French practice Atelier Stéphane Fernandez, previously named Atelier Fernandez & Serres, designed the stone primary school and kindergarten to respond to the landscape of the Petit Juas area on France‘s south coast.
“The project speaks to the hilly landscape of Cannes and to the Mediterranean Sea,” said the architects.
The building is clad in rough-cut travertine in various shades of pale brown and grey, and the whole palette both internally and externally has been kept monochrome and light.
“Through its variations of textures, colours, dimensions and abrasions, the travertine stone emphasises the timeless relationship to the site,” said the architects.
Atelier Stéphane Fernandez has previously used travertine in its Cour et Jardin cultural centre outside Nantes, in which the stone was chosen to match the walls of a nearby church.
The practice has also designed an observatory near the Pyrénées with a coral-coloured, latticed facade.
Ecole Communale Jacqueline de Rommily is arranged over three levels. The lowest is dug into the slope of the site and primarily houses parking. Its roof is an open viewing terrace for the level above.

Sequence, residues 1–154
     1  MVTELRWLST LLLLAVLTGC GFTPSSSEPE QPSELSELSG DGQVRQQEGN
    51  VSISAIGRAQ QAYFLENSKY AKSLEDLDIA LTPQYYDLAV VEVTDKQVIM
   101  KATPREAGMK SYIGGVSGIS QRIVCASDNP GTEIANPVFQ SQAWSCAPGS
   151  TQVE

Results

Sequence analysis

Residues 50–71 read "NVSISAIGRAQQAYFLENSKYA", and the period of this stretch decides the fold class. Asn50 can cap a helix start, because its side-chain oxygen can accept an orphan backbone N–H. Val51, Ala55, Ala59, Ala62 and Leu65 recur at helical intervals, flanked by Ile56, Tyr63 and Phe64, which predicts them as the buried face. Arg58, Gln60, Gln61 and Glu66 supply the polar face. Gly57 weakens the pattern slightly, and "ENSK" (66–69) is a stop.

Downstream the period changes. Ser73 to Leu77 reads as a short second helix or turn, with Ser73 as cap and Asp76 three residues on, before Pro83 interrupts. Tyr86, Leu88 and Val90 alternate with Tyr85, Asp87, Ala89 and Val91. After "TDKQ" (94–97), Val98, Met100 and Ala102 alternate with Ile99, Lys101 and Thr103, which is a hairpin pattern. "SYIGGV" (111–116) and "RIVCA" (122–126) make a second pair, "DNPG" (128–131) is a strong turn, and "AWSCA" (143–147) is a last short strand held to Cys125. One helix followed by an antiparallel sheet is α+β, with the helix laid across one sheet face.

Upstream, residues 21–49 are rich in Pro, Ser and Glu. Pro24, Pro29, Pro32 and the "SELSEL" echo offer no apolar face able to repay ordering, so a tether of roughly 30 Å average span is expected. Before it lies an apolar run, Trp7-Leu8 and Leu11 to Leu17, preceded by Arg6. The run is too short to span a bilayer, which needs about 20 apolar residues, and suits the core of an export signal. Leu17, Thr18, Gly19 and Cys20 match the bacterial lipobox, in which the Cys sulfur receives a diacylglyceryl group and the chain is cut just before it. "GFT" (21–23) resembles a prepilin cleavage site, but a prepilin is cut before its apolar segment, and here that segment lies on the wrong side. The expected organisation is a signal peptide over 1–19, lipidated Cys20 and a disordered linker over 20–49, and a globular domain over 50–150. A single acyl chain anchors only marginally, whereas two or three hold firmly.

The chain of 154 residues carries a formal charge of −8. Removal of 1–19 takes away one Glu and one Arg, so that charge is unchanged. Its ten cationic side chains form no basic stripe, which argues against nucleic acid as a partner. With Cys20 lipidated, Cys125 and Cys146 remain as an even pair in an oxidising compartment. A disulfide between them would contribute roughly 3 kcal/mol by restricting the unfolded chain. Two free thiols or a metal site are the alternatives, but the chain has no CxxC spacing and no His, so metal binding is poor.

To the north of the site, a long ramp leads up to the first floor, entering a small yard with an elliptical opening to the level below.
An arrangement of three volumes in a rough H shape encloses courtyards to the east and the west, providing separate outdoor spaces for the kindergarten and the elementary school.
The result is a series of spaces that maintain a strong connection to the outside while ensuring the privacy and security required by the school.
“Each classroom draws both an open and protective relationship to the world outside,” explained the architects.
A white concrete colonnade wraps around each of these spaces creating a sheltered walkway. Large lintels emphasise the long runs of windows on each block as well as revealing the floor plates.
These openings ensure that ample light enters into the classrooms, with rooms on the lower volume to the south of the plan also benefitting from a series of long skylights.
Other schools with a strong visual and material connection to their site include a school in Corsica built from traditional stone and pine, and a Strasbourg school with floor-to-ceiling glass walls.
Photography is by We Are Contents.
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